Research by the Institute for Fiscal Studies (IFS) has found that the Coronavirus pandemic has changed the retirement plans of one in eight older workers.
The latest study is based on a survey from the English Longitudinal Study of Ageing (ELSA), which covered 10,000 people aged 50 and over.
It found that 13 per cent of older workers have already made changes to their planned retirement age due to the ongoing crisis.
Of these, the majority now plan to retire later than originally intended, particularly where the value of their pension fund had been affected by the volatility of the markets.
However, around five per cent of the survey respondents (around 500 people) said they are now planning to retire earlier. This was more common in households with higher wealth or where a person had been furloughed.
Unfortunately, around a third of older workers questioned said that their financial situation was now worse as a result of the pandemic. This was more noticeable among those who were already struggling financially before the crisis compared to those who had greater wealth.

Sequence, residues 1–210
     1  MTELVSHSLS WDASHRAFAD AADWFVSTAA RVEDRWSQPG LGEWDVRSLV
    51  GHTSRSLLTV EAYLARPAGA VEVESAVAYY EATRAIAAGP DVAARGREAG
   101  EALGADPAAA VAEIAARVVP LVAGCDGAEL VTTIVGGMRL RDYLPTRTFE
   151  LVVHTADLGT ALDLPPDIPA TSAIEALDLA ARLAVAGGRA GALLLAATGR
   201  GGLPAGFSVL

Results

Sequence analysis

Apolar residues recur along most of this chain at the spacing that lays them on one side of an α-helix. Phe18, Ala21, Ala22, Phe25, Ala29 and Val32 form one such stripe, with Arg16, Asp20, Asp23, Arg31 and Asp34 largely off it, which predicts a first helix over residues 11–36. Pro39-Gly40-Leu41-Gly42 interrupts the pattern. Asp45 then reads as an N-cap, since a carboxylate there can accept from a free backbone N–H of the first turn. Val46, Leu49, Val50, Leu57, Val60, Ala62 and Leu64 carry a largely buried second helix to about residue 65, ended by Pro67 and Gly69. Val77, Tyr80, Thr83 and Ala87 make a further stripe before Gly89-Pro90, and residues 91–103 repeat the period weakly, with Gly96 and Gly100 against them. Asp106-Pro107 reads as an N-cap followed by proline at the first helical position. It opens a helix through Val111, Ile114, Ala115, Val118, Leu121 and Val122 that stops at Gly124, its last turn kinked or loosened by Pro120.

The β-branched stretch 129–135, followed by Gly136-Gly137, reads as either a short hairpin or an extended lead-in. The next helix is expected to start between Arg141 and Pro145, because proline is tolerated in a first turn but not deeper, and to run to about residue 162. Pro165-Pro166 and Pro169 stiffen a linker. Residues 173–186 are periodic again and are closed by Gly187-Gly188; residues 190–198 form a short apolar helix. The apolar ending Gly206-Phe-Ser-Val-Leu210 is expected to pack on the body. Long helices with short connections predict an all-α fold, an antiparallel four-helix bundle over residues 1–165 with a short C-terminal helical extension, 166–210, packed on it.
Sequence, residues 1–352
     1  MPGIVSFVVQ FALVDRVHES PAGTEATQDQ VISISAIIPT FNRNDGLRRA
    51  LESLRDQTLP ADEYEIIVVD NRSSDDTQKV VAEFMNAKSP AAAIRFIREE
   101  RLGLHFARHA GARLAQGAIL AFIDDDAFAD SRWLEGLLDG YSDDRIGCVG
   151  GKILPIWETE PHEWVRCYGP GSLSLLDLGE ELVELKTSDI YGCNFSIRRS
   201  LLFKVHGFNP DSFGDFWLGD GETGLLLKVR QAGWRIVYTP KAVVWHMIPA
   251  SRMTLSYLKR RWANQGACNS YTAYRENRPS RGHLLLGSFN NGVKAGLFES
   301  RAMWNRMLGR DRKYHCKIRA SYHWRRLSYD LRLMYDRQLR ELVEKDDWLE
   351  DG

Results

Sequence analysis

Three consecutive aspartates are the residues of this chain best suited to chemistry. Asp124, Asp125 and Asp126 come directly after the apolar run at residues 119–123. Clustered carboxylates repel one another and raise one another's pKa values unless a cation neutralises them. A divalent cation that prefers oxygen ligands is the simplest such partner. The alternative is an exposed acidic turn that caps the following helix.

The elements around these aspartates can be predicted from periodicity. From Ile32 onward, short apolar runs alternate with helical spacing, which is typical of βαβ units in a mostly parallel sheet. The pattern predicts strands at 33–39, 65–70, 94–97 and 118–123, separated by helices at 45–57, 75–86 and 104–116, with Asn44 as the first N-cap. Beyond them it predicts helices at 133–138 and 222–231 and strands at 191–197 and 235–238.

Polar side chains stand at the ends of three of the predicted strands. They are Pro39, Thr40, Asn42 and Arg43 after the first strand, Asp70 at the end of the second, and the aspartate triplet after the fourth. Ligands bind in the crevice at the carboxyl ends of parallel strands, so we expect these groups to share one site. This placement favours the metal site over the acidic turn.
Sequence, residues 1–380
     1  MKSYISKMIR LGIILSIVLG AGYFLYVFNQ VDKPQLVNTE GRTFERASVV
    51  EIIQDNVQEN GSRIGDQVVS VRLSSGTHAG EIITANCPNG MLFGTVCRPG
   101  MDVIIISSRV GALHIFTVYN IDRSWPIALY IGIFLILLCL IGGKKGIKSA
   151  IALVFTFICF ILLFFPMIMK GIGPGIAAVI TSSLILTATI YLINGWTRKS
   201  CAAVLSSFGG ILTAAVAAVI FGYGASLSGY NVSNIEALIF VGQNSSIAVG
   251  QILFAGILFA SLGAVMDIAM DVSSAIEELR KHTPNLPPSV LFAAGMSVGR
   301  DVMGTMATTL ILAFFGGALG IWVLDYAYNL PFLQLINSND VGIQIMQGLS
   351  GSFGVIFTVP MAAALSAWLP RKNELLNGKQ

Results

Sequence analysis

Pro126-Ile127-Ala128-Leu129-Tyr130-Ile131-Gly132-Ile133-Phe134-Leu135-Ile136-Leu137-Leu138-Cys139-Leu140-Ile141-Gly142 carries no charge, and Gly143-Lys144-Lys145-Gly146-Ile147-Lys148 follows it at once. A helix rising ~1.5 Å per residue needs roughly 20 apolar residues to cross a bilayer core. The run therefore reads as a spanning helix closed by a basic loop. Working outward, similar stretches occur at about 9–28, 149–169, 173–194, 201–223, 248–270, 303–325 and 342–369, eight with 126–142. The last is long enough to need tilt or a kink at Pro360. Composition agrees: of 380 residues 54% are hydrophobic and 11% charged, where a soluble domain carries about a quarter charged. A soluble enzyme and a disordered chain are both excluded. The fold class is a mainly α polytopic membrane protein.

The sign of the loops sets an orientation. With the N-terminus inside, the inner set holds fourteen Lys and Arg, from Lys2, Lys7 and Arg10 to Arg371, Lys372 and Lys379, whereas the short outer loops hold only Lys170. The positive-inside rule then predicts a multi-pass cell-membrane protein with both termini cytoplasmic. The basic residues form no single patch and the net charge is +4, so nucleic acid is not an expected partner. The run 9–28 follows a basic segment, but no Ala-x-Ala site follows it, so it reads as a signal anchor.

The survey also found that 34 per cent of older workers and 41 per cent of retirees still hold wealth directly in risky assets.
Rowena Crawford, an Associate Director at the IFS, said: “The current pandemic risks having serious and long-term financial consequences for older workers, affecting living standards into and through retirement.
“The crisis has also been disruptive to major life plans, with one in eight older workers so far changing the age at which they planned to retire.
“Those on furlough are now more likely than those working to be planning to retire earlier and it will be important to monitor that this does not represent a rise in involuntary retirement among people discouraged from finding new work.
“On a positive note, those working from home are now more likely to be planning to retire later; suggesting changes to work practices could benefit some older workers.”